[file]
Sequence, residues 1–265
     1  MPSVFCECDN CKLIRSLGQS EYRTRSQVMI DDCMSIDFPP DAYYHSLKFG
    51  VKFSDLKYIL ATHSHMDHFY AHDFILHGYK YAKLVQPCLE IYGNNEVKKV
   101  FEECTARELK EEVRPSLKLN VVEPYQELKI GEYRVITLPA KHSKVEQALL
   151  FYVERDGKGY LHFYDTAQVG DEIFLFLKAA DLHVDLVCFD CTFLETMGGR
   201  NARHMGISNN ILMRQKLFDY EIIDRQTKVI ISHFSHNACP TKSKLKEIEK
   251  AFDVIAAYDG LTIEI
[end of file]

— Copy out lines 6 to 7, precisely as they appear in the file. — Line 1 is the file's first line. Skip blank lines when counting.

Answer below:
   201  NARHMGISNN ILMRQKLFDY EIIDRQTKVI ISHFSHNACP TKSKLKEIEK
   251  AFDVIAAYDG LTIEI